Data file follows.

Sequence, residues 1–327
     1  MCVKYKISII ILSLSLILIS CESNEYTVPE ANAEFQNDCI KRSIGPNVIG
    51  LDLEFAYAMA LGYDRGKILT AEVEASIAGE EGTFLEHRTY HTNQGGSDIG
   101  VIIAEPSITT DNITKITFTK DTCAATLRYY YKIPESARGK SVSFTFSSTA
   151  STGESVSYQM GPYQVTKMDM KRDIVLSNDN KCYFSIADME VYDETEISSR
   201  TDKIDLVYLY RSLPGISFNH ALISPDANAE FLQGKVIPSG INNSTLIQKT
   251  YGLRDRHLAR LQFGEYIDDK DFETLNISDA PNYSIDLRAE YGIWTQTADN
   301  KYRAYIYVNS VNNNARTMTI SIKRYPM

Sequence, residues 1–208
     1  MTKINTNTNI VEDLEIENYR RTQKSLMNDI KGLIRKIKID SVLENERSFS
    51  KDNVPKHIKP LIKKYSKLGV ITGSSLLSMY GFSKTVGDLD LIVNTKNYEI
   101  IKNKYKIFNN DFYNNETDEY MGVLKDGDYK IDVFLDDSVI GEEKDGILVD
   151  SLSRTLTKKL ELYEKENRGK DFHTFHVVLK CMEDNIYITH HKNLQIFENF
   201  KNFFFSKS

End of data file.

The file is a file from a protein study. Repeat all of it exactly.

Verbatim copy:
Sequence, residues 1–327
     1  MCVKYKISII ILSLSLILIS CESNEYTVPE ANAEFQNDCI KRSIGPNVIG
    51  LDLEFAYAMA LGYDRGKILT AEVEASIAGE EGTFLEHRTY HTNQGGSDIG
   101  VIIAEPSITT DNITKITFTK DTCAATLRYY YKIPESARGK SVSFTFSSTA
   151  STGESVSYQM GPYQVTKMDM KRDIVLSNDN KCYFSIADME VYDETEISSR
   201  TDKIDLVYLY RSLPGISFNH ALISPDANAE FLQGKVIPSG INNSTLIQKT
   251  YGLRDRHLAR LQFGEYIDDK DFETLNISDA PNYSIDLRAE YGIWTQTADN
   301  KYRAYIYVNS VNNNARTMTI SIKRYPM

Sequence, residues 1–208
     1  MTKINTNTNI VEDLEIENYR RTQKSLMNDI KGLIRKIKID SVLENERSFS
    51  KDNVPKHIKP LIKKYSKLGV ITGSSLLSMY GFSKTVGDLD LIVNTKNYEI
   101  IKNKYKIFNN DFYNNETDEY MGVLKDGDYK IDVFLDDSVI GEEKDGILVD
   151  SLSRTLTKKL ELYEKENRGK DFHTFHVVLK CMEDNIYITH HKNLQIFENF
   201  KNFFFSKS